Dear Faculty, Staff, Alumni and Friends,
It’s Women’s History Month, and so what better moment to celebrate the literally unprecedented endowment gift of $500,000 to our interdisciplinary Women’s Leadership Program from Georgia Callahan, with the intention of making additional contributions to achieve a $1,000,000 investment over the next decade. In a few short years, but with the enormous and unflagging efforts of one lone faculty member, Professor Diane Perpich, Women’s Leadership has attracted some of the best students at Clemson, made it to almost 50 majors and transformed many lives in the process. The gift is a gigantic vote of confidence and a shot in the arm when we need it the most. So, thank you Georgia for your generosity and your belief in the program, and thank you Diane for your vision and for the tenacity to see it through.
As if this weren’t enough for one month, we have a tremendous accomplishment in Architecture to celebrate as well.
This past weekend, the Clemson chapter of the National Organization of Minority Students in Architecture (cNOMAS) held a conference at the Clemson Design Center in Charleston. Its purpose was to bring people together to talk about the critical issues facing the built environment today and the way we tell and retell our history. Most importantly, it was an attempt to be more honest about the realities for those individuals who have historically not been welcome in the world of architecture, unless it was to do the heavy labor of actually building the structures. It was about facing the disparity between our nation’s founding principles and the challenge to make those principles a reality.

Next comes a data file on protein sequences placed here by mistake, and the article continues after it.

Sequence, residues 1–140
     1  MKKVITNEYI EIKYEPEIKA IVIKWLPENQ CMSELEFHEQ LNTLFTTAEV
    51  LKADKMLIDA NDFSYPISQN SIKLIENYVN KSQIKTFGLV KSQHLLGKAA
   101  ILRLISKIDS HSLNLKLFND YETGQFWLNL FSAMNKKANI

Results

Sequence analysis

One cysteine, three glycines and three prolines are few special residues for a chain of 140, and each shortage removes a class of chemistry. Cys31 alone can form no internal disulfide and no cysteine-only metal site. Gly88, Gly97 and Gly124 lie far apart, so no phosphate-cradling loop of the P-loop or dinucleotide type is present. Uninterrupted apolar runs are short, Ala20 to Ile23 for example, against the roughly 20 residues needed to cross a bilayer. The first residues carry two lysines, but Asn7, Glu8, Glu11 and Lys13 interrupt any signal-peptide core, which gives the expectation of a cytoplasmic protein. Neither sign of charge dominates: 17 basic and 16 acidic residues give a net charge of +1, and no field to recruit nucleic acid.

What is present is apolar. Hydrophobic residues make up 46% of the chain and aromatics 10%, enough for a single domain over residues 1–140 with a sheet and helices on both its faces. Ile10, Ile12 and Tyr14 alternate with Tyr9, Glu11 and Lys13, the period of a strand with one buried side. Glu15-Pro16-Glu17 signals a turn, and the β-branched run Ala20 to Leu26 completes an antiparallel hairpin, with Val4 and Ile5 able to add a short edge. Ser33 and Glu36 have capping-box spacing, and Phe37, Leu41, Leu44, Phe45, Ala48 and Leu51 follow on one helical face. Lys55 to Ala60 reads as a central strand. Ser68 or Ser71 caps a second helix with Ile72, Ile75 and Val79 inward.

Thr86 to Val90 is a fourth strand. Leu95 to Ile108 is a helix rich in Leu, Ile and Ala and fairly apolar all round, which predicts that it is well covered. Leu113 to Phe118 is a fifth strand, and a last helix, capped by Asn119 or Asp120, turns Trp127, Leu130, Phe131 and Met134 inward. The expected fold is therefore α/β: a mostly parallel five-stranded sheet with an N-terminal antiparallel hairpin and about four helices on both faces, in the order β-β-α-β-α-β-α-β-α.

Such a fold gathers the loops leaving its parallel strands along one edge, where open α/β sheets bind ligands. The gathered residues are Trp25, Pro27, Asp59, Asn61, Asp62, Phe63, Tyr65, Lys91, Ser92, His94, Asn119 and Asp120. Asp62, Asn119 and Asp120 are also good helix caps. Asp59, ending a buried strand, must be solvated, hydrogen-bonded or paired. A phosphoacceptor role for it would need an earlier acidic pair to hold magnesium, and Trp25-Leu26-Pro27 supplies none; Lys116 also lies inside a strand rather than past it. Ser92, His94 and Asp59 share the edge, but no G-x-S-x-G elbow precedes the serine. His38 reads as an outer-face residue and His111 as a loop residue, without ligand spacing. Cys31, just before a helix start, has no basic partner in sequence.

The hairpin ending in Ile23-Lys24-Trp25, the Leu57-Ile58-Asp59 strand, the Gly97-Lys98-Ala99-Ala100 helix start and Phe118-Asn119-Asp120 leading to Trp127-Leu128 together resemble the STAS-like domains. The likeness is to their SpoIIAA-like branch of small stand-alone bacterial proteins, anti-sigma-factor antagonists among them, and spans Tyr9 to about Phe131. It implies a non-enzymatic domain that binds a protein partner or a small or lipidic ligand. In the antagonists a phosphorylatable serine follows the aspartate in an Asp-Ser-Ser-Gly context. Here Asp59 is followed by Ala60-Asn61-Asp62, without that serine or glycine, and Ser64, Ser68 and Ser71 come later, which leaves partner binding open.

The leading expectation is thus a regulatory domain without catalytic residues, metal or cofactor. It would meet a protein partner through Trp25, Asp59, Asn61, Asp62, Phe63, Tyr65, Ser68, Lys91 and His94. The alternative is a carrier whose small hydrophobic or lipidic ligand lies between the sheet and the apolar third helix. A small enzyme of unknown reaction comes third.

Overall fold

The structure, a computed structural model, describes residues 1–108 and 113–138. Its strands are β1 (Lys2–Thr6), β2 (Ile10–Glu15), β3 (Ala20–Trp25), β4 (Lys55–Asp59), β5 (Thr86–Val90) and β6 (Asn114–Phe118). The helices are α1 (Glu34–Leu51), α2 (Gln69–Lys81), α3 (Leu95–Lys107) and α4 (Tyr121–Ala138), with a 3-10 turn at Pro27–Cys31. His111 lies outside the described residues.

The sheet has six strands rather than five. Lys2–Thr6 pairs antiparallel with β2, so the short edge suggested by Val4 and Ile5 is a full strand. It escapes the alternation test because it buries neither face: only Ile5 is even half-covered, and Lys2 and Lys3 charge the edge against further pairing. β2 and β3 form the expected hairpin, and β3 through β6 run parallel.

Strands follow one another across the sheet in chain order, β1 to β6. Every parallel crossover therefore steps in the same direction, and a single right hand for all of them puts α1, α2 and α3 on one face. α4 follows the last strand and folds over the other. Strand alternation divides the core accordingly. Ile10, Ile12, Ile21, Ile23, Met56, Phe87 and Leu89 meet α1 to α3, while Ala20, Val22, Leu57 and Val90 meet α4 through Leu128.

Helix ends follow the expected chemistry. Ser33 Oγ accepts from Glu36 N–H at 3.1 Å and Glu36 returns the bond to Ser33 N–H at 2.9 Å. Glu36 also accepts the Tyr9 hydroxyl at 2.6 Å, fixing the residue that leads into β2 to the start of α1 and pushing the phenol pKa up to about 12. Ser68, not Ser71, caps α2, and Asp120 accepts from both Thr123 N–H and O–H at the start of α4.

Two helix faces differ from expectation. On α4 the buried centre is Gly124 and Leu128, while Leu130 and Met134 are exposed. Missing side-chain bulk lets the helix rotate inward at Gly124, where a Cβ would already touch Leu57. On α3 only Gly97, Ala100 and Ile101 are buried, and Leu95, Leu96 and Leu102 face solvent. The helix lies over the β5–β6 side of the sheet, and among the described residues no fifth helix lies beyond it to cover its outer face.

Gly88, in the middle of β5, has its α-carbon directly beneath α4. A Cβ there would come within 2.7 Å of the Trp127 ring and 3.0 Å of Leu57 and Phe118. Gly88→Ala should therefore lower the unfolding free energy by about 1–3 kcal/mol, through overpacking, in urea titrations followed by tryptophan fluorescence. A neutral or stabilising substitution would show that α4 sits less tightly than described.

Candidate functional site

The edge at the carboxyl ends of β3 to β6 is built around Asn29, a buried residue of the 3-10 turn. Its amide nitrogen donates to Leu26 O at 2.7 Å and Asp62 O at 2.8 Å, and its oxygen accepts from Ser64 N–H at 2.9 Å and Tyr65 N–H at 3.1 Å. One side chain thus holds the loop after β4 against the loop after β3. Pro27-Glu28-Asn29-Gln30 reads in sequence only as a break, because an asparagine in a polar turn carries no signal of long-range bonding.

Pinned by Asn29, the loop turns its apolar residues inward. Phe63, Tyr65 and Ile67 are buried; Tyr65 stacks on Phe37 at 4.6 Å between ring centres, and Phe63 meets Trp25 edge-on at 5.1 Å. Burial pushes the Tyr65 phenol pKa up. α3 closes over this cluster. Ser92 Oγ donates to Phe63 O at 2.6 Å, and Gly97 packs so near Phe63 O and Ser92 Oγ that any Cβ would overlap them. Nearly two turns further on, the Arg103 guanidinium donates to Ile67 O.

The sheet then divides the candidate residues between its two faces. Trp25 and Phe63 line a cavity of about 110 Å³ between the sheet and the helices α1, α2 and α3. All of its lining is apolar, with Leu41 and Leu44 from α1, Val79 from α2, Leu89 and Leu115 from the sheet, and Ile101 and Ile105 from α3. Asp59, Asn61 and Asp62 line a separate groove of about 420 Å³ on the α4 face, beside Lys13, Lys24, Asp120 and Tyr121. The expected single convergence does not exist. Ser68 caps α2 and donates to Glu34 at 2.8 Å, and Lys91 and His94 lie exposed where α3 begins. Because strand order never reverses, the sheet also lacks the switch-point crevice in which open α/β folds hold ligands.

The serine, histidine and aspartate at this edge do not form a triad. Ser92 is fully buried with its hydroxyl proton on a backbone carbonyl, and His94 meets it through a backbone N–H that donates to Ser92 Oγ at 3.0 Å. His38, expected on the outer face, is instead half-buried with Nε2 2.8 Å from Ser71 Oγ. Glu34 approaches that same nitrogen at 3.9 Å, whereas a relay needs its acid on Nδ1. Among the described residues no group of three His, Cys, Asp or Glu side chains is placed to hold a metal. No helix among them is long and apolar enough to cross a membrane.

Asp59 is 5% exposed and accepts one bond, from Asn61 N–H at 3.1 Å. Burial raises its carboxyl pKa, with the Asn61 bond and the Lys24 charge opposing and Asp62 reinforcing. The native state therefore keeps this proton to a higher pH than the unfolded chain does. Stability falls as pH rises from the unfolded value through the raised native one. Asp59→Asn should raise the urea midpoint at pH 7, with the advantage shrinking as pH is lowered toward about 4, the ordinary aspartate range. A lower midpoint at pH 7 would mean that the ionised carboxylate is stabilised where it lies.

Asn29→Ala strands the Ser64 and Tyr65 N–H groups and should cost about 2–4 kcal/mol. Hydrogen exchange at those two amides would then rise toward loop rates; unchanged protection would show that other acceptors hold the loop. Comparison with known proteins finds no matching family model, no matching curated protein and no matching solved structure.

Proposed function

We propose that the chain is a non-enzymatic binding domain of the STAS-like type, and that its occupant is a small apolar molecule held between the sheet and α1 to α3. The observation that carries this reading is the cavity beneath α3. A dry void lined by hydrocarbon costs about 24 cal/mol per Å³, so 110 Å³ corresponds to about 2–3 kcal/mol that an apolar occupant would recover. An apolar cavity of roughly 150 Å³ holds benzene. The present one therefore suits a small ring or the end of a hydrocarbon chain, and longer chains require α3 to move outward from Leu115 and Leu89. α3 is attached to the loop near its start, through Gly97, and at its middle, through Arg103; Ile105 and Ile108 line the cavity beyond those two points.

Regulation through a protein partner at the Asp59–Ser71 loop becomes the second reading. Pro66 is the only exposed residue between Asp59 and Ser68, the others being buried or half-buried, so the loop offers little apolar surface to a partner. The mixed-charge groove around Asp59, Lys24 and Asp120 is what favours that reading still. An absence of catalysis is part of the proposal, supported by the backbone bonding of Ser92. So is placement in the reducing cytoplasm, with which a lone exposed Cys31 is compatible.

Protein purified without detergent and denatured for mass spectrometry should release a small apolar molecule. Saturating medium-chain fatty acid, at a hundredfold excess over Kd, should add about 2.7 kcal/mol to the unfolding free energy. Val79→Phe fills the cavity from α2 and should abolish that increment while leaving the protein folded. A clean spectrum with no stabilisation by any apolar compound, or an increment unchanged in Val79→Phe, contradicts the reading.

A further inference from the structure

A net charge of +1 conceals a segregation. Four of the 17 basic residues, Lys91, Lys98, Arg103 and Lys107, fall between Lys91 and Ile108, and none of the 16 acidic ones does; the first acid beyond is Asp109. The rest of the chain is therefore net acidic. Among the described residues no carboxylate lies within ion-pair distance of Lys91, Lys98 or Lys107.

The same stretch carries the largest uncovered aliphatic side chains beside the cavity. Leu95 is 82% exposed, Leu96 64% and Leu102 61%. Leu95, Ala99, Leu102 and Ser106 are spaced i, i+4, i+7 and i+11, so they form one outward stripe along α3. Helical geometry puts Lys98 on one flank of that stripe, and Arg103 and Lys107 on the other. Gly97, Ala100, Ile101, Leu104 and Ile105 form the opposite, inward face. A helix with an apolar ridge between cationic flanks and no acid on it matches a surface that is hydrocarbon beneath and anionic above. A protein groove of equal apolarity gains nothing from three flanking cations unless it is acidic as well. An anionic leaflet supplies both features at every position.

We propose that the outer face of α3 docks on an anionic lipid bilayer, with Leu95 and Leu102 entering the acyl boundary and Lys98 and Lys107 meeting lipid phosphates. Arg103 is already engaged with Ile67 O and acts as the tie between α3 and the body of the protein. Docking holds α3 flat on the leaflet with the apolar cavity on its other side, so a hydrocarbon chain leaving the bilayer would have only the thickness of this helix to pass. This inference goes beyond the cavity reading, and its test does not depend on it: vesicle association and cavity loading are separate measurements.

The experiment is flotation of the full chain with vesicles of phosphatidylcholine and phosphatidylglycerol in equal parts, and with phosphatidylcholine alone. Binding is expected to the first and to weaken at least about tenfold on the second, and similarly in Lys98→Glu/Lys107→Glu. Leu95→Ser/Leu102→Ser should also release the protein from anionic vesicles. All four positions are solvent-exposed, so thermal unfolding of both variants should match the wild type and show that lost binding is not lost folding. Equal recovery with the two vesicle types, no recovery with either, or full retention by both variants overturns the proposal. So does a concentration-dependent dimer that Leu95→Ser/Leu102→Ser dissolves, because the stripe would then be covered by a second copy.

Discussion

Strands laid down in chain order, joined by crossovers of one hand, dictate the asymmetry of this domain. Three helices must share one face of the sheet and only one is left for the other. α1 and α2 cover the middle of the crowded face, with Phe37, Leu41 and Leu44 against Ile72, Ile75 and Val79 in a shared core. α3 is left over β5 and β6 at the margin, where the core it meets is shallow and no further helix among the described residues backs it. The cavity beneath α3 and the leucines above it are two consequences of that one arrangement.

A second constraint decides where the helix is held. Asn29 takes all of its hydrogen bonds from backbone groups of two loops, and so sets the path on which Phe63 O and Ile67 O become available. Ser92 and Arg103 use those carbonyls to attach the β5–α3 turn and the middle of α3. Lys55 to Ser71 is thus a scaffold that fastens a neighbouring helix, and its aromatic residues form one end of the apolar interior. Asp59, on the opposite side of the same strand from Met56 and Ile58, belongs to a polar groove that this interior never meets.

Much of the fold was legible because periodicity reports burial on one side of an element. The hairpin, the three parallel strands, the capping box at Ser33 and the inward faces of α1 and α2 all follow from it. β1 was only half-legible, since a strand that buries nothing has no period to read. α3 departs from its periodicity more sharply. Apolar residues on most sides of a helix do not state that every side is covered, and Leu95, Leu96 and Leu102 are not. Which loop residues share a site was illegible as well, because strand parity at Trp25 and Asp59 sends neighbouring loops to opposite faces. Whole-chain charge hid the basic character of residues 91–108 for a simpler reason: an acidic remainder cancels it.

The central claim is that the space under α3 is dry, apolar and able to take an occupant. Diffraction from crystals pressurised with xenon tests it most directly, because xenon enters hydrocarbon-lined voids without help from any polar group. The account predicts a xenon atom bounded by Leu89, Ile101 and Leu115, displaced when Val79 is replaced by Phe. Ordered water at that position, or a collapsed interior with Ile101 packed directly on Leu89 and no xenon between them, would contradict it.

The conference more than delivered on this promise. Some highlights included School of Architecture alumnus Michael Allen (recently featured in Clemson World Magazine), candidly describing his childhood and his circuitous path to becoming an architect. He talked about being Black and growing up in an environment where the prospect of becoming an architect was an unimagined concept. He talked about feeling that he didn’t belong, about trying to assimilate, and about gradually arriving at a place where he could succeed in his own way. It was raw; it was brave; and for me, it put a name and a face to what are millions of similar stories, but all too often with heartbreaking outcomes.
Speaking of raw, Professor Rhondda Thomas, faculty director of the Call My Name Project, gave a lecture that reviewed the history of the area we call Clemson from the 18th century through today. Much of the history has been coming to light in recent years, but some of this was brand new, including details about Rudolph E. Lee, the Clemson faculty member after whom the Lee complex has been named. I expect we will be hearing more about this in the near future.
There is history, but there is also hope. There is no way to change history, but we can and must talk about it, and do so honestly. Otherwise, I am not sure what there is to hope for. At the risk of being presumptuous, I will say there can be no righting of wrongs, and no single act of healing, but an event like the one I experienced this weekend, organized by young people who will be leading us into the future, is surely a sign for hope.
So a huge thank you and congratulations to the students—Michael Urueta, Adrianna Spence, Seth Moore, and others—who organized the event, and to the faculty advisors—Clarissa Mendez, David Allison, Ray Huff—who do this work not out of obligation but out of commitment.
Nicholas Vazsonyi, Dean
College of Architecture, Arts and Humanities
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